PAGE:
Trump attacks WHO over coronavirus, threatens to withhold funding
Iran Press TV
Wednesday, 08 April 2020 5:37 AM
US President Donald Trump has blamed the World Health Organization for getting every aspect of the coronavirus "wrong," threatening to pull back funding from the international organization.
Speaking at a White House press conference Tuesday, Trump said that "they did give us some pretty bad play calling ... with regard to us, they're taking a lot of heat because they didn't want the borders closed, they called it wrong. They really called, I would say, every aspect of it wrong."
He criticized the organization as being "very China-centric" for condemning his Jan. 31 travel ban, which led to foreign nationals, who had traveled to China within the last 14 days, being barred from entering the US.
"Take a look, go through step by step. They said there's no big deal, there's no big problem. There's no nothing, and then ultimately when I closed it down, they said I made a mistake in closing it down and it turned out to be right."
The WHO, the United Nations' health agency, began to sound the alarm on the outbreak of a new coronavirus in Wuhan, China in mid-January.
Later on January 30, it designated the COVID-19 pandemic as a global health emergency after there had been only 8,200 cases in 18 countries across the world.
WHO officials declared the outbreak a pandemic on March 11, when there were only 121,000 confirmed cases globally.
So far, the virus has affected over 1,430,000 worldwide and killed more than 82,000, according to worldometers.info. In the United States, more than 400,000 people have tested positive and 12,000 have died.
The US president also said on Tuesday that Washington would put a "very powerful hold" on money it sends to the WHO. However, when asked if it was the right thing to do amid the ongoing crisis, he said, "I'm not saying I'm going to do it, but we will look at ending funding."
According to the WHO's most recent notice of assessment, the United States was expected to pay $115,766,922 to the agency for the biennium of 2020-2021.
Trump's criticism of the WHO came while the agency itself disapproved of some of his policies and practices surrounding the virus.
The organization has urged people against calling COVID-19 the "Chinese virus" as Trump has done, arguing that it could unintentionally result in racial profiling.
"Viruses know no borders and they don't care about your ethnicity, the color of your skin or how much money you have in the bank. So it's really important we be careful in the language we use lest it lead to the profiling of individuals associated with the virus," Dr. Mike Ryan, the executive director of WHO's emergencies program, said on March 18 at a news conference when asked about Trump's remarks inciting violence against Asians.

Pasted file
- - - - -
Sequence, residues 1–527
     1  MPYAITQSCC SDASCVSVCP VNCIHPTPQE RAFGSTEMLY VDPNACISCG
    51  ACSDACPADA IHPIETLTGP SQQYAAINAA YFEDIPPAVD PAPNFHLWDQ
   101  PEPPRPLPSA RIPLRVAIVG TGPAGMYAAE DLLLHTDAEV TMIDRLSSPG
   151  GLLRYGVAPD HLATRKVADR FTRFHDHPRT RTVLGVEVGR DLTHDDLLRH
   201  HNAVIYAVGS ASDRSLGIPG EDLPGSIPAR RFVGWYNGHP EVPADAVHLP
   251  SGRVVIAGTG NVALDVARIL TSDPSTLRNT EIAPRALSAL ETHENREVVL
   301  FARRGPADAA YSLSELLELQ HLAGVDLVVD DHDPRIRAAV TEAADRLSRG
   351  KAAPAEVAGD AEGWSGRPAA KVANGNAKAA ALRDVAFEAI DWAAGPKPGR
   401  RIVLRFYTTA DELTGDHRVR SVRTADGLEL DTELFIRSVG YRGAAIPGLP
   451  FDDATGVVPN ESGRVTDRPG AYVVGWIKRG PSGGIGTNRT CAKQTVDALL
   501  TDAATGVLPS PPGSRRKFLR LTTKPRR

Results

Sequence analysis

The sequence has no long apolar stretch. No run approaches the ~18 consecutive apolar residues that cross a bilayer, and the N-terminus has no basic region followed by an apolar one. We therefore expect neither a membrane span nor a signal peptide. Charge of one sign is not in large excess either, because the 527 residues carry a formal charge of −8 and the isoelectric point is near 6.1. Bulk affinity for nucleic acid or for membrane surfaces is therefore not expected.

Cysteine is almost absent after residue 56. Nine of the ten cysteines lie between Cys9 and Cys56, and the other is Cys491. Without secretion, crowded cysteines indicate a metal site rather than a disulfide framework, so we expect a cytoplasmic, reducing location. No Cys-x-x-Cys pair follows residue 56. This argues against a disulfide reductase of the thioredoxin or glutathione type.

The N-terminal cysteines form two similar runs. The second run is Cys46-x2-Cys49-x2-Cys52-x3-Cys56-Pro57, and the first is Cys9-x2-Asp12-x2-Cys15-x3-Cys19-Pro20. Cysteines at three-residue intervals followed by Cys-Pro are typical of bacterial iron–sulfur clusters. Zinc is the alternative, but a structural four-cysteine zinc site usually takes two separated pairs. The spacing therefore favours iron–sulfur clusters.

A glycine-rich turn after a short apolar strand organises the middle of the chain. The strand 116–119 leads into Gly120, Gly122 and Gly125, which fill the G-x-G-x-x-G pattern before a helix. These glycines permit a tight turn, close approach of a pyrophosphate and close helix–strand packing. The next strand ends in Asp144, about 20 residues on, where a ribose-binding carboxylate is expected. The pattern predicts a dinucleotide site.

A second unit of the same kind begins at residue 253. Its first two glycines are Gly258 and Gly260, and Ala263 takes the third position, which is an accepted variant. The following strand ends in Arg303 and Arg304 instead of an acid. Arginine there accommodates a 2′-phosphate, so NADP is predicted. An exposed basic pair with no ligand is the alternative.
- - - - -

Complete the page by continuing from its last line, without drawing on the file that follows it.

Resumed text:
Trump removes top coronavirus watchdog
President Trump has removed, Glenn Fine, the inspector general tasked with overseeing the government's $2 trillion in emergency coronavirus funding.
Fine was named last week to chair the Pandemic Response Accountability Committee, a committee acting as a sort of uber-watchdog over the federal government's response to the new coronavirus, including health policy and the largest economic relief package in US history.
The decision to remove Fine, the acting inspector general for the Defense Department, from his post fueled concerns in Congress about oversight of the relief package.
Congressional Democrats said Fine's removal reinforced their determination to strictly oversee the massive spending package.
House of Representatives Speaker Nancy Pelosi described the move as "part of a disturbing pattern of retaliation" by Trump.
"We will continue to exercise our oversight to ensure that this historic investment of taxpayer dollars is being used wisely and efficiently," she said in a statement.
Trump has designated the Environmental Protection Agency's inspector general to be the new acting Pentagon IG.
Trump slams US watchdog's report on shortages at coronavirus-hit hospitals
Trump has attacked the US Health Department's inspector general Christi Grimm over a report that shows American hospitals are suffering shortages on the frontlines of the coronavirus outbreak.
The president described as a "fake dossier" the findings that confirmed hospitals nationwide had insufficient capacity to handle the surge of coronavirus patients as reported by governors, mayors and local health officials.
Trump accused the inspector general of being politically motivated, asking why she had not spoken to admirals, generals, the vice president or other relevant authorities before working on the report.
According to an HHS OIG spokeswoman, the office "approached this survey with the same integrity and quality standards as we have in previous work."
The spokeswoman also said that staff had interviewed "knowledgeable professionals at more than 320 hospitals across 46 states."
Hospitals have complained about major challenges in testing and treating patients, reporting having sufficient capacity to handle the increase in needed care, the HHS inspector general said in the report which is based on 323 hospitals surveyed from March 23 to 27.
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